Among the One Hundred Great Ideas for Higher Education suggested to the National Association of Scholars are calls to require students to memorize poetry, memorize American texts, study logic, debate, statistics, etymology, U.S. history, grammar and writing and perform physical labor.
Robin Fox, a Rutgers social theory professor, suggests giving students alternatives to the four-year degree, such as certificates in skilled trades.
. . . what we need is a reduction in residential four-year institutions and an expansion of the community college system, with primacy given to extension and online courses for those already working in the profession or skill of their choice.
. . . Among college students, those doing science, engineering and math degrees should attend for free, while those who study arts, social studies, media studies, cultural studies (cultural anything), and particularly women’s and gender studies should have to pay double. Then let the market sort it out.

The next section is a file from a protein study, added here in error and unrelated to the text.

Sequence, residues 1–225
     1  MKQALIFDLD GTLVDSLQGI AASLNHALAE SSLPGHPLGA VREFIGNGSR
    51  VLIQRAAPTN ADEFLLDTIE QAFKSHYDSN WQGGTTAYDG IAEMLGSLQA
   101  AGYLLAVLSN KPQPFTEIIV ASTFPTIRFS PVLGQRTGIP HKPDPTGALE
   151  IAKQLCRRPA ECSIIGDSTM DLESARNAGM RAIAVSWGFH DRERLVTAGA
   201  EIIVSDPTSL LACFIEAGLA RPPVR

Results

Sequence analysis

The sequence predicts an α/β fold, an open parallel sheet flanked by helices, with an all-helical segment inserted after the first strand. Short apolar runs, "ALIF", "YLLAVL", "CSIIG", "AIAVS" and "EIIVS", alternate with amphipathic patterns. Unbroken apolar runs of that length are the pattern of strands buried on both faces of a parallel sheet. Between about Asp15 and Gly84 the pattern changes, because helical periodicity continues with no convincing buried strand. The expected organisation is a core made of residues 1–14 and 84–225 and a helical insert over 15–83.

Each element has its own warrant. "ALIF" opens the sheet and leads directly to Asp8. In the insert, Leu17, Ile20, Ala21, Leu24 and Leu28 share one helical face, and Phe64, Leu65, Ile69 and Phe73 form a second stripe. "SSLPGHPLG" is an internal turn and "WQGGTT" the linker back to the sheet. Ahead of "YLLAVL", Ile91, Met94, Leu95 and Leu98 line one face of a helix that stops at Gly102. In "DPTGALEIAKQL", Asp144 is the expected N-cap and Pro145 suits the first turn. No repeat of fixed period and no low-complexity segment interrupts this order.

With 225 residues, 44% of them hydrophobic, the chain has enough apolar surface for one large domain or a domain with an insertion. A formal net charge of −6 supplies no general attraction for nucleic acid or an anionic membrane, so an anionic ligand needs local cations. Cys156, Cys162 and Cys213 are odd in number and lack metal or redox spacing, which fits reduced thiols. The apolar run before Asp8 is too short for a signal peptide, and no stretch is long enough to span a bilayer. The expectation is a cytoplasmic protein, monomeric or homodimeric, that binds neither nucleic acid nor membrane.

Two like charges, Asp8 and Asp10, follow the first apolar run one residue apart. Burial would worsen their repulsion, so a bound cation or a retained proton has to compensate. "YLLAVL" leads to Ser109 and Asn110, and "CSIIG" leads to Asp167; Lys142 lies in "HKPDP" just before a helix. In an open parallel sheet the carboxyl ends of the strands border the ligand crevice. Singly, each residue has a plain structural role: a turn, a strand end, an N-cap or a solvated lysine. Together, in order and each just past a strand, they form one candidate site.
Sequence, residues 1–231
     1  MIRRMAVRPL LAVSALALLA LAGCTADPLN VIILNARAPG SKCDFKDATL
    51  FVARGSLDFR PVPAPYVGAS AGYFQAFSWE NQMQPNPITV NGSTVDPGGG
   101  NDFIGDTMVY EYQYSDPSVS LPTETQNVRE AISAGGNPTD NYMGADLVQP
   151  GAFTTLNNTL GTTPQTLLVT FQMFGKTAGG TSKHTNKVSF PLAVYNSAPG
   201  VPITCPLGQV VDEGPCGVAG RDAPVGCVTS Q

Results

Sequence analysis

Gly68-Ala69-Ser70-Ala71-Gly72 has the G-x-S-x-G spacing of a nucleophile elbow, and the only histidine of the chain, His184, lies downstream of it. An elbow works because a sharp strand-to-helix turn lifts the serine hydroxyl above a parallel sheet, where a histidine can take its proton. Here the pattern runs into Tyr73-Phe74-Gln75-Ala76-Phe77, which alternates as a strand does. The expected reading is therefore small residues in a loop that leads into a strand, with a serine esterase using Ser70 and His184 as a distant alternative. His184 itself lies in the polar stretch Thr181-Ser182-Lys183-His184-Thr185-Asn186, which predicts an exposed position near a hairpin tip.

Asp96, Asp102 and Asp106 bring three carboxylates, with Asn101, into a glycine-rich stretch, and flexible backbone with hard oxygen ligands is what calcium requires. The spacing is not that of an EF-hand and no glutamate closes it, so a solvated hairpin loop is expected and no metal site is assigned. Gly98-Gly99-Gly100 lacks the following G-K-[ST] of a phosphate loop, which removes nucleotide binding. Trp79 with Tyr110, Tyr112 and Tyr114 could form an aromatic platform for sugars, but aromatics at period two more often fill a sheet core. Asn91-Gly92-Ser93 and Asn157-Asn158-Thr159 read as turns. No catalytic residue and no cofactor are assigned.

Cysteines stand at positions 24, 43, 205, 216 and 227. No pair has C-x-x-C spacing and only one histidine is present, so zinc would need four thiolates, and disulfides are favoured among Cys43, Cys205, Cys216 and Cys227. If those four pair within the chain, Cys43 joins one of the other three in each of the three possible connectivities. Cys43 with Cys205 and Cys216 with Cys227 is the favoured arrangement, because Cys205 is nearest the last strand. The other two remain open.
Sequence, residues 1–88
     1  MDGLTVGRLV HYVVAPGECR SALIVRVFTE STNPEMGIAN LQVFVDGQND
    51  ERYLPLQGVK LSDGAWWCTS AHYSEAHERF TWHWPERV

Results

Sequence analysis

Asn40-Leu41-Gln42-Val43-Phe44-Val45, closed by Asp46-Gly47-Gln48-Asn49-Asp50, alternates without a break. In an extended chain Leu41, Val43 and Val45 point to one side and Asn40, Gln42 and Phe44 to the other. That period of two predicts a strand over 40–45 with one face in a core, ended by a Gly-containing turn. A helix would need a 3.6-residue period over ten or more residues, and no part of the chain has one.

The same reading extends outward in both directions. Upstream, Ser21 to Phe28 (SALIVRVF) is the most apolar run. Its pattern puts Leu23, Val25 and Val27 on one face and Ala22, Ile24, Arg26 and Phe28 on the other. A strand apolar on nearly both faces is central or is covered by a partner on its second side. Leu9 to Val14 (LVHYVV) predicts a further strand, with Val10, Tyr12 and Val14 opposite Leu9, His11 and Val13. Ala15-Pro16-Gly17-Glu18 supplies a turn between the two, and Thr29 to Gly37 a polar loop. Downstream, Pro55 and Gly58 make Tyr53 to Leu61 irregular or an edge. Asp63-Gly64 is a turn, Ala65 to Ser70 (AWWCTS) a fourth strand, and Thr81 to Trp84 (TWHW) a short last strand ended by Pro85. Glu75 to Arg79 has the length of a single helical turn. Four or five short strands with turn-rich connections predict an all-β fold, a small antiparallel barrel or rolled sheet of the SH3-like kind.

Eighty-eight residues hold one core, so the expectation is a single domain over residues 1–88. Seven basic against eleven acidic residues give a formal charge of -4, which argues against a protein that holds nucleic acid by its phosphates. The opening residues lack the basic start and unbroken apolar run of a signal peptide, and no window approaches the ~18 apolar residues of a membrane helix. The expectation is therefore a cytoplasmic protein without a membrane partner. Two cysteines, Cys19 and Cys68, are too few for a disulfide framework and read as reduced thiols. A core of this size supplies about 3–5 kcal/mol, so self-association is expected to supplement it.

Education Sector’s Andrew Gillen calls for publishing earnings outcomes for all degree-granting programs, using IRS or Social Security data.
My suggestion is to make it clear to students whether they’re on the remedial, vocational or academic track while they’re young enough to do something about it — or set more achievable goals.
I’d like to see a program that would analyze a student’s grades, test scores, and self-reported motivation and study skills to predict future success. Let’s say Ned Ninth-grader learns he has a 1 percent chance of earning a medical degree (his stated ambition), a 10 percent chance at a bachelor’s degree, a 20 percent chance at an associate degree, a 50 percent shot at a vocational certificate, and a 65 percent chance of a high school diploma.
He gets information on what jobs he might do if he reaches various levels and what he can do now to increase his options. Maybe Ned will work harder, raise his grades, and have a real shot at an associate degree in radiology or a pharmacy tech certificate. Honest information would be great for students—and would reduce colleges’ remedial burden.
J. M. Anderson, a dean at Illinois Valley Community College, adds a 101st idea after teaching a night class for working adults and day classes for traditional-age students: Don’t let anyone under 21 into college.